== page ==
Summer 2011 Research Plan
Patrick McLaughlin, Rayna Bell & Andrew Fertig
August 14th – September 18th 2011
Overview of Ongoing Research
Fieldwork during the summer field season will continue to support ongoing projects concerned with genetic connectivity in amphibian populations. The majority of this research involves collection of targeted species at multiple different locations across Bioko Island. In addition, we will be continuing to inventory amphibian species across the island, including inventories at many new sites along Pico Basile, along Bioko’s Eastern coast, and along the Southern Beaches. During all collection activities, we will also be searching for potentially new species of amphibians and determining new ranges for species we suspect to exist in Bioko Island. All frogs caught and/or collected will also be swabbed/tested for the fungal disease chytridiomycosis, a global pandemic that has caused massive global die-off in amphibians.
Moka Forests, Moaba & Southern Beaches
We will target highland streams around the Moka Wildlife Center and Lago Biao for Petropedetes johnstoni and Phrynobatrachus auritus, the focal species in the ongoing genetic study. In addition, Cornell University graduate student Rayna Bell will also be targeting a rare species of tree frog (Genus: Hyperolius) in the highland forests around Lago Biao. We will also continue collection for inventories and chytrid sampling in the forests between Moka and Moaba, and along the Southern Beaches.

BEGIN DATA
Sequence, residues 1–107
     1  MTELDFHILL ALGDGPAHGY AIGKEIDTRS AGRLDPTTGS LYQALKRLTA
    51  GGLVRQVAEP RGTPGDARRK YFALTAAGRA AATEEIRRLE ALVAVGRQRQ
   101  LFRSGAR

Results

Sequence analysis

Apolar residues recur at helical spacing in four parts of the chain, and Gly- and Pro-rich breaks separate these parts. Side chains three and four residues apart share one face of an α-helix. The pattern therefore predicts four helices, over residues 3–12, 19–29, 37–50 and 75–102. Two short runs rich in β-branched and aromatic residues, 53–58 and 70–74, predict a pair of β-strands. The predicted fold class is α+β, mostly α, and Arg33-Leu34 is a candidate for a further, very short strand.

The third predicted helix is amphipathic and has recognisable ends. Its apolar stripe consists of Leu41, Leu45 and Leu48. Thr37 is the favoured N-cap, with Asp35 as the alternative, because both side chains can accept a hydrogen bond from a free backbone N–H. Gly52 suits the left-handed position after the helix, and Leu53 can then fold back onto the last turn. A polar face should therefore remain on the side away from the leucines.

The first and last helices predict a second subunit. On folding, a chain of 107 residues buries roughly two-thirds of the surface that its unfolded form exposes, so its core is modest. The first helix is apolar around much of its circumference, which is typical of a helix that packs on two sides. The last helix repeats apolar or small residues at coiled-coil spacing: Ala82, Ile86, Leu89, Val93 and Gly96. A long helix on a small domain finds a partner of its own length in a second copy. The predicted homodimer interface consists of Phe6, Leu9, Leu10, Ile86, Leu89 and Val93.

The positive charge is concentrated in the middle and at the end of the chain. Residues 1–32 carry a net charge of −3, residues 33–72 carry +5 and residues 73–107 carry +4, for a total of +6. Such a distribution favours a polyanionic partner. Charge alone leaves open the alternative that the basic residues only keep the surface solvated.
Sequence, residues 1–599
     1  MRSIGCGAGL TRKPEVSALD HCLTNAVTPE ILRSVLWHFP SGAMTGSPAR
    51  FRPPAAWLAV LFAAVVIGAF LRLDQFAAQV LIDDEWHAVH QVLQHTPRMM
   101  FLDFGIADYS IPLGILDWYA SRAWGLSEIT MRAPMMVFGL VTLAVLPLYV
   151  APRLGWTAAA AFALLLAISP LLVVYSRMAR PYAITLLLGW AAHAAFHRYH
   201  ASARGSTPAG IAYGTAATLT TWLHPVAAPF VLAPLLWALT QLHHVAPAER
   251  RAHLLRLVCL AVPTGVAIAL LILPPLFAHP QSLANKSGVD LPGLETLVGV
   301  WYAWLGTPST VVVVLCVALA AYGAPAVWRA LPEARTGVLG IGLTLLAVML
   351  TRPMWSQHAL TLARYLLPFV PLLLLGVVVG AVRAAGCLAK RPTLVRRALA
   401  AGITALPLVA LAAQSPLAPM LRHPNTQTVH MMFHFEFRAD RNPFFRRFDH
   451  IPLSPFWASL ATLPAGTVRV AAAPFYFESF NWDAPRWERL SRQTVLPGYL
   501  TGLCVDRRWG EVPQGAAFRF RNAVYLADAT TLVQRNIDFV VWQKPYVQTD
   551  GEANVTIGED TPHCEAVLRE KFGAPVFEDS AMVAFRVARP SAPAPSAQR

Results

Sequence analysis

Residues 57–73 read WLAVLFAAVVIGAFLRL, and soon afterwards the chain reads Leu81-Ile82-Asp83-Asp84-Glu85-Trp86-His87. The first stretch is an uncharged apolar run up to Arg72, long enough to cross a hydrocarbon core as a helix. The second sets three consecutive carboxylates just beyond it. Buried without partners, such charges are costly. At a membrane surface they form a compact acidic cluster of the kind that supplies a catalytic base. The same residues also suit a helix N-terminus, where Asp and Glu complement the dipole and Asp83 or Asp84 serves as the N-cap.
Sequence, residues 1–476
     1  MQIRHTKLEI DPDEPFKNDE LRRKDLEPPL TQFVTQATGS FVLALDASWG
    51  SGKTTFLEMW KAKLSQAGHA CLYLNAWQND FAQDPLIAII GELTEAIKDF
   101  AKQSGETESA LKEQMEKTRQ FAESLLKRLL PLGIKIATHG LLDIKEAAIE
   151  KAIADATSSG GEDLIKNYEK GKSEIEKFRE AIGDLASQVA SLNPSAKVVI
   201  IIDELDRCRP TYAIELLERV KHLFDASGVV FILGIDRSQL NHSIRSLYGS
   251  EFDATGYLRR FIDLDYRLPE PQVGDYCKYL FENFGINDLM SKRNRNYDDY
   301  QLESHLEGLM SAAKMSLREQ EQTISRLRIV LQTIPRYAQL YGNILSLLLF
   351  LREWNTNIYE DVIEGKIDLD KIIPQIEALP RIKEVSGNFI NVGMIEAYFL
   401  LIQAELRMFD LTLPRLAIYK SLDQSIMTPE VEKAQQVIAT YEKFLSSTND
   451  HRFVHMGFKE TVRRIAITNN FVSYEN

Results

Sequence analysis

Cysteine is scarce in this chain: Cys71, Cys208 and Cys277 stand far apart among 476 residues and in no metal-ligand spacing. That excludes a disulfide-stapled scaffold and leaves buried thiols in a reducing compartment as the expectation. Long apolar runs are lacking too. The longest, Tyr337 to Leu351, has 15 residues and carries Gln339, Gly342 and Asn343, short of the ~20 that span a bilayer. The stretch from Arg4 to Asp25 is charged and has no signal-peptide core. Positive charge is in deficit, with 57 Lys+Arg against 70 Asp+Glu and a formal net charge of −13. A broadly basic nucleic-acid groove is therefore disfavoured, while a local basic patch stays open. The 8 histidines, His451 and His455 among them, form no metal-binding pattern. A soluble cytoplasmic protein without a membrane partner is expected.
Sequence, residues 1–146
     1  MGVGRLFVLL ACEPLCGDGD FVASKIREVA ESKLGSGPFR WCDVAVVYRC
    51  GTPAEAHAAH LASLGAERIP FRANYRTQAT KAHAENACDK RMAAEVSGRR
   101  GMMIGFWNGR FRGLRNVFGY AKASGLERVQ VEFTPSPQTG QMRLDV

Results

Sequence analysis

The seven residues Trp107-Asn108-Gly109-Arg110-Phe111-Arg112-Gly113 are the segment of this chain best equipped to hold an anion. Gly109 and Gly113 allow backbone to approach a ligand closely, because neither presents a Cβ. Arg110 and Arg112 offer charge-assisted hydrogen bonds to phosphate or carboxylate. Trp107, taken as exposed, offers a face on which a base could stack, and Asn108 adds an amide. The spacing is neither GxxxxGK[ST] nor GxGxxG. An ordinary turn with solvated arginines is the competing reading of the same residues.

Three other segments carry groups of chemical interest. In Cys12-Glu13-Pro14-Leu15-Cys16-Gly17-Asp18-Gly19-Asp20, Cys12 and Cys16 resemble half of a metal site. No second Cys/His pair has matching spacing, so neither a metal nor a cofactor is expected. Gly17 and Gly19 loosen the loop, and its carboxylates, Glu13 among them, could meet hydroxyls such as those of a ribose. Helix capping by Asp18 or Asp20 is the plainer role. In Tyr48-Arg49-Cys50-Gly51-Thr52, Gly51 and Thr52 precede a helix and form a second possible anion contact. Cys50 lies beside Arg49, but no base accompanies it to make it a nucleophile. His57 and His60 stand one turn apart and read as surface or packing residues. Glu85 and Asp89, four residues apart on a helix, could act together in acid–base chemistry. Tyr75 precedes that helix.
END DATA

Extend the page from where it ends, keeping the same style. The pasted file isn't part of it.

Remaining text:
Pico Basilé, Moeri & Surrounding Forests
In this highland region we will be mainly focused on collecting the rare Hyperolius tree frogs, which are anticipated to exist in this region yet this has never been verified. In addition, we will continue sampling the various species for the genetic study, and verifying their populations in this isolated region of habitat. For inventory work, we will follow up on reports from 2008 that two rare and critically endangered amphibians exist north of Moeri on the back slopes of Pico Basile.
Rivers, Streams & Forests Along Bioko’s Eastern Coast
For both primate surveys and amphibian work, little effort has been focused in this region of Bioko Island. We will travel along the Bioko’s coastal road, and stop for sampling at major streams and rivers we cross along the way. Again, our main focus will be on the species used in the genetic studies, and continuing basic inventories. It is suspected that a lowland amphibian found on the mainland, the Goliath frog (Conraua goliath) may also exist on Bioko. This would be a significant find, as this is the world’s largest frog and endangered in its range on the mainland. If it does exist on the mainland, it should likely be found in lowland areas along the eastern coast. Finally, while traversing streams and rivers we will also conduct basic primate monitoring to determine species presence or absence in this suspected area of intense hunting.